According to Daniel Coyle’s book, “The Talent Code”, the brain consists of neurons, or simply put, nerve endings that send messages through the brain. In a way, your brain has muscle memory. The more you practice doing something the easier it gets. We have these skills stored in our brain, but aren’t always aware they are there. By introducing something new to our experience, we build on old skills and advance them further.
This is the most exciting thing I’ve read in a long time. To think at my age I still have untapped possibilities. I embrace this premise now with scientific fact. It’s not just wishful thinking, it’s real. If I put the time in to develop skills and work hard at it, I can still advance myself. My talent will grow.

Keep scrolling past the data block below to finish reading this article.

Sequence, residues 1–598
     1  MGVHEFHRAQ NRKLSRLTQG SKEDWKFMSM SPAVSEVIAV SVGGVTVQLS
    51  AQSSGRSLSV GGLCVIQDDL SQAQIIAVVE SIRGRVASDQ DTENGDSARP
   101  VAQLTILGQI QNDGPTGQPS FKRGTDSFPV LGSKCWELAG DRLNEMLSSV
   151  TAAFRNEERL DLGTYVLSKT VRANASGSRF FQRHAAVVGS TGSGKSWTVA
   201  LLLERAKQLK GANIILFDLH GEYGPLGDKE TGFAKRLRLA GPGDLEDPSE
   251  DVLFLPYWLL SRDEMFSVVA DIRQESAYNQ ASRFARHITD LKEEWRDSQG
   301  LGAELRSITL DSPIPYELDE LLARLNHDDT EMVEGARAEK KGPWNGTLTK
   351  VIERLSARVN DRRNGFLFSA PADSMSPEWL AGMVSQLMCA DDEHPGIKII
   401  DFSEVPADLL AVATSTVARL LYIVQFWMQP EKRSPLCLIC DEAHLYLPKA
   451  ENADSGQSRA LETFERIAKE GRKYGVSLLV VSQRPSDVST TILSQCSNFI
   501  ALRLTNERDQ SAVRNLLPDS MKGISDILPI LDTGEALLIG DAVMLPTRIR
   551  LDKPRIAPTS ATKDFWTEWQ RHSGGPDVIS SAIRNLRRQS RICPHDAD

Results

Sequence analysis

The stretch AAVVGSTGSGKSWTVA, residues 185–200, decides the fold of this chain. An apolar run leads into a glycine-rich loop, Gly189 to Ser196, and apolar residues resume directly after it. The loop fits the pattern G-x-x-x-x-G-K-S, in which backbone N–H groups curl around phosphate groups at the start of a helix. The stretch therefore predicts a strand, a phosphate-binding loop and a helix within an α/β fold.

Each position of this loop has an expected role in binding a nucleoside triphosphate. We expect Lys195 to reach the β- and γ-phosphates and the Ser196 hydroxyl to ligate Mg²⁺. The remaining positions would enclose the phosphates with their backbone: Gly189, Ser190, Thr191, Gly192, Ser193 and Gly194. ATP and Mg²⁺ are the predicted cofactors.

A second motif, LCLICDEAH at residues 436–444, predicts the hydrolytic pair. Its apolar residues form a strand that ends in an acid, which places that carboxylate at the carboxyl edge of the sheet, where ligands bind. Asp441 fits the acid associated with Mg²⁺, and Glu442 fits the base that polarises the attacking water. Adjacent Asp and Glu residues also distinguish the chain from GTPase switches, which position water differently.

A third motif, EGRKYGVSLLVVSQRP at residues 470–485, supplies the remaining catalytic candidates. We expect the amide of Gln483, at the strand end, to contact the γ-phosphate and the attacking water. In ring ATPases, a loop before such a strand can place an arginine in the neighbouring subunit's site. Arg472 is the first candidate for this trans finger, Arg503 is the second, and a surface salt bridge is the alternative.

When I taught art in the public school system, there was a big difference in the skill level of the five-year-old kindergarten students and the twelve-year-old seventh graders. This is no surprise, of course. The development of art skills grows from the earliest scribbling of crayons to the more detailed drawings of the adolescent. This is as good an example as any on how skill advances, one experience at a time. It’s pretty much predictable.
So, I ask myself, if children learn year after year because they are always being challenged, then why can’t the same be true for adults? I take this seriously. If talent is the development of new skills and ideas, then my conclusion is to keep exposing myself to new ways of seeing things. It’s passion for something, that gives it energy. This is where talent is nurtured, and I find that very encouraging.